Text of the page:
(TAIYO MARU by Ueda Kihachiro)
Transport TAIYO MARU:
Tabular Record of Movement
© 2011-2014 Bob Hackett and Erich Muehlthaler
Hamburg, Germany. Laid down at Blohm & Voss in building number 208 as a 14,503-ton
passenger-cargo ship for Hamburg-Sudamerikanische Dampfschifffahrts-Gesellschaft
(Hamburg South America Line), Hamburg.
Launched and named CAP FINISTERRE.
18 November 1911:
Completed and delivered to Hamburg-Sudamerikanische Dampfschifffahrts-Gesellschaft for service on the South America route. At that time, CAP FINISTERRE is the fastest, largest and most luxurious liner employed on this route.
21 November 1911:
Departs Cuxhaven, Germany on her maiden voyage for Buenos Aires with 1,350 passengers.
9 December 1911:
Arrives at Buenos Aires after a journey of only 13.5 days, the fastest crossing on this route thus far.
August 1914: World War I Begins:
Laid up at Hamburg for duration of war.
11 November 1918:
World War I ends.
4 April 1919:
Handed over to the Allies.
11 April 1919:
CAP FINISTERRE is transferred to the United States under the terms of the Armistice agreement and commissioned as transport USS CAP FINISTERRE. Makes four voyages between Brest, France and New York carrying war veterans home to the United States and occupation troops to Europe.
Completes her final repatriation voyage and, after arrival, spends several months at the New York Navy Yard.
25 November 1919:
USS CAP FINISTERRE is decommissioned and turned over to Great Britain under operational control of The Shipping Controller (Orient Steam Navigation Co., Ltd. – managers), London.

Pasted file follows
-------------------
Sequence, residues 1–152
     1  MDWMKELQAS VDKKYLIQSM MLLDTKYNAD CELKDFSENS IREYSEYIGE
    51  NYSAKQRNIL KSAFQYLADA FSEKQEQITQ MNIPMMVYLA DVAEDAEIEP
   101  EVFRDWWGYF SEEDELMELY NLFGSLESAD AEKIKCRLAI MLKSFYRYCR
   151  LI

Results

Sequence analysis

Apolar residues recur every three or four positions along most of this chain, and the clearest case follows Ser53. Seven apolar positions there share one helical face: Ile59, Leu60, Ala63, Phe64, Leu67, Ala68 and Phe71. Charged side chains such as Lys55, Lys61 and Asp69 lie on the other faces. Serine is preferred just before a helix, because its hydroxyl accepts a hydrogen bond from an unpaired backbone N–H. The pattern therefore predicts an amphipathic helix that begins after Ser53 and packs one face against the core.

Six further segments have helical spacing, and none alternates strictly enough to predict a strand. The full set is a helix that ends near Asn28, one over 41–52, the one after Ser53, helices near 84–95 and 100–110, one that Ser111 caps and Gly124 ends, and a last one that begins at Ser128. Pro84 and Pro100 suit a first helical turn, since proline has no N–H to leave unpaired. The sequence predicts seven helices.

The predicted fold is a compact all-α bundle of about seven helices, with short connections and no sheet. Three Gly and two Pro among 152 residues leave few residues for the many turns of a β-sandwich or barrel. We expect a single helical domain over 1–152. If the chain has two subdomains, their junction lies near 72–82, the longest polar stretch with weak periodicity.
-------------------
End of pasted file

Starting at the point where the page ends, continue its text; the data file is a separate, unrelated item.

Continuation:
Ceded to the Japanese Government as a war reparation. Renamed TAIYO MARU and managed by the Nippon Yusen Kaisha (NYK Line).
Management passes to Toyo Kisen Kabushiki Kaisha, (Oriental Steamship Company), Yokohama. TAIYO MARU is placed on their trans-Pacific route between Hong Kong, Shanghai, Kobe, Yokohama, Honolulu, San Francisco and Los Angeles.
10 March 1926:
Shipping Route Control authorities transfer Toyo Kisen´s San Francisco and South America West Coast routes to the NYK Line.
5 May 1926:
TAIYO MARU is entrusted to NYK by the Ministry of Finance (Okurasho) and placed in service on NYK's San Francisco route.
4 May 1929:
NYK purchases TAIYO MARU from the Ministry of Finance and places her in their service.
3 September 1939:
World War 2 begins in Europe after Germany invades Poland and rejects Britain's ultimatum to withdraw.
26 October 1939:
Time-chartered to Toa Kaiun K.K., Tokyo for sercice to Shanghai.
22 October 1941:
TAIYO MARU departs Yokohama for Hawaii. She carries the last foreigners who remained in Japan.
Among other passengers, she also carries three IJN officers disguised as crew members: Cdr (later Rear Admiral) Maejima Toshihide (48), Cdr Suzuki Suguru and midget submarine pilot Lt Matsuo Keiu. 
TAIYO MARU plies the North Pacific route that will be followed by the IJN’s Kido Butai (carrier striking force) in the Pearl Harbor, Hawaii Operation.
1 November 1941:
Oahu, Hawaii. At 0830, TAIYO MARU arrives at Honolulu. Lt Matsuo's mission is to reconnoiter the harbor entrance to Pearl Harbor's naval base.
5 November 1941:
The three IJN officers depart for Japan aboard TAIYO MARU.
17 November 1941:
TAIYO MARU arrives at Yokohama just in time for the IJN officers aboard to brief the midget submarine crews who will attack Pearl Harbor.
Early May 1942:
Japanese government authorities allot TAIYO MARU to the Imperial Army as a Rikugun Sempaku Uneikai Haitosen (A/C-APK). 
5 May 1942:
Hiroshima. TAIYO MARU departs Ujina for Moji with 2,450 tons of materiel including ammunition, hand-grenades, illumination rounds and 150 tons of calcium carbide. The huge ship also carries 34 soldiers and 1,010 civilians. The civilians include military governors, doctors, bureaucracy staff, educators and technicians needed to administer conquered Southeast Asian regions.